The rollercoaster ahead for the economy and investors

The writer is president of Queens’ College, Cambridge, and an adviser to Allianz and Gramercy

The stunning shift in the market mood and prices over the past week is testament to the underlying instability in the current environment for policymakers and investors. And it is an instability that will intensify in the coming months.

The catalyst for what many labeled “market carnage” on Tuesday — 3 to 5 per cent single-day losses in major US equity indices — was, of course, an ugly inflation report. And the August figures for the US were disappointing in so many ways including, most importantly, a higher month-on-month increase and broadening in drivers of core inflation.

Judging from the dramatic surge in the 2-year government bond yield, as well as moves elsewhere in Treasuries, markets found themselves scrambling to price in a “HFL” moment — that is, rates that are going Higher, getting there Faster, and staying there Longer.

This time around, the delay in investors accepting a more rapid reversal in the highly supportive approach for markets by central banks had little to do with the prior inclination of policymaking officials to weaken the anti-inflation policy message. This tendency had previously helped keep alive the hope of an immaculate soft landing and a rapid pivot away from a tightening liquidity regime.

But since the late August Jackson Hole speech of Fed chair Jay Powell, the US central bank’s officials have been unusually consistent in stating their unconditional commitment to battle unacceptably high inflation, as well as in conveying the policy implications.

For policymakers and investors, there will be more bracing realities to digest in the months ahead.

First, global growth fragility is increasing. Europe is yet to supplement the fiscal-driven protection of households from high prices with an orderly energy allocation approach that minimizes immediate and longer term structural damage to the economy.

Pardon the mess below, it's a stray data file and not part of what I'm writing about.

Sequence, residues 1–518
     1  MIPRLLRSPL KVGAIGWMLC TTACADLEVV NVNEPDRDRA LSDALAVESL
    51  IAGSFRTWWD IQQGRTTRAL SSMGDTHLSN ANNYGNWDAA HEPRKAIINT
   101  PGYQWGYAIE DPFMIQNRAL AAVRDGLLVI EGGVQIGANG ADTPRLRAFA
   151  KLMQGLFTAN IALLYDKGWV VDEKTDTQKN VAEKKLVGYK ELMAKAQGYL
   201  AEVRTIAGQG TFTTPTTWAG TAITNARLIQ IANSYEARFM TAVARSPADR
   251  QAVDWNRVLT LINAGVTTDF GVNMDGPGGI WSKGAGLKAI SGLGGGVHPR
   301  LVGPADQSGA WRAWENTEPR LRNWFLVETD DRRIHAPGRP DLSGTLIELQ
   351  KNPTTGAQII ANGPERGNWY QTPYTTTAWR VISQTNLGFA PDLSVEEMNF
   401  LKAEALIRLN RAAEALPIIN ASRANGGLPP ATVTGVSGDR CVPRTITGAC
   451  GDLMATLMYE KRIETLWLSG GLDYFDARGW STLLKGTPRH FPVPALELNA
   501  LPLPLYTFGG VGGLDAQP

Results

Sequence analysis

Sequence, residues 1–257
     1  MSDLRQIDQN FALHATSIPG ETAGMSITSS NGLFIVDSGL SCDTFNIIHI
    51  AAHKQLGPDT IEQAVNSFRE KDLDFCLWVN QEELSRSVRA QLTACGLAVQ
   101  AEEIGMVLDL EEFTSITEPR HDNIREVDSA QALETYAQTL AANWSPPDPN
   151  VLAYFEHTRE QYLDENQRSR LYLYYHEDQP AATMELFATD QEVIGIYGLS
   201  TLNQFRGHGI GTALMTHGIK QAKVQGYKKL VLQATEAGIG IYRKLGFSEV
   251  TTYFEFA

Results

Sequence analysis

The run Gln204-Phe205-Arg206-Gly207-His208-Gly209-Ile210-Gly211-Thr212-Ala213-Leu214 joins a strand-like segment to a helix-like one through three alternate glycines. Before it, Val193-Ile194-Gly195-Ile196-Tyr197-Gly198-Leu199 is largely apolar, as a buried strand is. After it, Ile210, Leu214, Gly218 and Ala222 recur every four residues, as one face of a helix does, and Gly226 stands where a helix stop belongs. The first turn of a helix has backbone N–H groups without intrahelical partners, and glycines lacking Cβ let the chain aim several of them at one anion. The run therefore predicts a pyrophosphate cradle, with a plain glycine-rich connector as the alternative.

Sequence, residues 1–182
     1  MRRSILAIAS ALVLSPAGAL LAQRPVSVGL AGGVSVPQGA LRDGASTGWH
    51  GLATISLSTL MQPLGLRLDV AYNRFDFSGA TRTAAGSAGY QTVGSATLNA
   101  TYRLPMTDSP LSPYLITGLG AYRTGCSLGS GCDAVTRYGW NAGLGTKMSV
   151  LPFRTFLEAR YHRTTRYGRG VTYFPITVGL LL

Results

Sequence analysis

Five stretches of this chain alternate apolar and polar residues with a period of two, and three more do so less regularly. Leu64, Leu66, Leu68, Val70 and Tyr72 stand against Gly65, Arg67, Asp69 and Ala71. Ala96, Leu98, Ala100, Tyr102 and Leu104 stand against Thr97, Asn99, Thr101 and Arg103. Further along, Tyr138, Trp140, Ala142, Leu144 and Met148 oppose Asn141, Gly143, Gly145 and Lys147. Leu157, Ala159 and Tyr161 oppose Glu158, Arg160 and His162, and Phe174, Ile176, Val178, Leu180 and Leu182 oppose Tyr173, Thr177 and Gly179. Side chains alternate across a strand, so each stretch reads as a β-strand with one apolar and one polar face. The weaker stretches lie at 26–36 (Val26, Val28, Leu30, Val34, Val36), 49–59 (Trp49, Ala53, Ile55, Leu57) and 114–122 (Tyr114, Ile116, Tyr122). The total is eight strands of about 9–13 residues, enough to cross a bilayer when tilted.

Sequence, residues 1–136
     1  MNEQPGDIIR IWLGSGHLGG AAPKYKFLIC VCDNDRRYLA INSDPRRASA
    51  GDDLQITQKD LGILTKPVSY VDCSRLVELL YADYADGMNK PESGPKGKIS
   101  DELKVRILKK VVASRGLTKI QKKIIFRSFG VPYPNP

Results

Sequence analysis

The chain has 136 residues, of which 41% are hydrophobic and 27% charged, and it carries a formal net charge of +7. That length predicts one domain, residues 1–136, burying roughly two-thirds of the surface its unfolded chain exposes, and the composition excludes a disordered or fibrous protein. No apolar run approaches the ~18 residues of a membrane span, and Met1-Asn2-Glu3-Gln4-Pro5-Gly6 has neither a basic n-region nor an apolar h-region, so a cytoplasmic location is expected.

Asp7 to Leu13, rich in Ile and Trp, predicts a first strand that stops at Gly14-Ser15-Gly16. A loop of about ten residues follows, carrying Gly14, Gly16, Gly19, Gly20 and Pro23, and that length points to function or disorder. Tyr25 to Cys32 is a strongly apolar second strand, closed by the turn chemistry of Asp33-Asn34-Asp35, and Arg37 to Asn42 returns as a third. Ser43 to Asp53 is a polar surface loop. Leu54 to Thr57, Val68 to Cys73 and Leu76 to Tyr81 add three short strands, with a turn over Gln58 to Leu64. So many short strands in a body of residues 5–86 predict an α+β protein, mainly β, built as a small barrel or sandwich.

China has yet to find a politically acceptable way out of the Covid “lives-versus-livelihoods” trap that, without progress in effective country-wide vaccination, undermines the country’s contribution to demand and supply in the global economy. Even the US, the strongest of the systemically important economies, faces internal growth headwinds. And all this at a time when inflation pressures, and the demand destruction that comes with that, will only dissipate slowly.

As this develops, market inconsistencies will become harder to sustain. With higher short-dated yields, the TINA edge (There Is No Alternative) that stocks have long possessed is being eroded. Longer dated bonds now offer better protection against a big global slowdown and financial system stress. And the economic and financial risks of such a strong dollar, both at home and more importantly internationally, are harder to sidestep.

Needless to say, this is not a good environment for central banks to be playing catch-up. The risk of yet another policy mistake, already uncomfortably high, is increasing.

Given the hot inflation numbers, the Fed has no choice but to front-load its policy response, including an unprecedented third, consecutive 0.75 percentage point rise next week. This will accompany a pick-up in the pace of balance sheet reduction by the Fed and, I suspect, an upward revision in forecasts for the peak of this interest rate cycle.

Meanwhile, the European Central Bank has to incorporate the implications of considerable fiscal policy efforts to offset the impact of the energy crisis on households and business.

The natural inclination to soften the monetary policy stance in the face of global growth fragility and unsettling financial market instability collides with the reality of persistently high inflation and the urgent need to restore policy credibility. Indeed, central bank hesitation would only serve to worsen the scale and complexities of 2023’s economic and policy challenges.

This week’s market turmoil is not just about the clash between markets’ recent over-optimism and economic and policy realities. It is also a reflection of investors better coming to terms with the complex uncertainty that confronts both policymakers and their own approach to asset allocation.

The good news lies in the twin prospect of economies putting behind them a long period of inefficient allocation of resources, and value being restored to markets heavily distorted by over-protracted central bank intervention. For such prospects to be realised, economies and markets still have to navigate the higher possibility of policy mistakes, market stress, and the behavioral traps that typically accompany whipsaws in investor sentiment.

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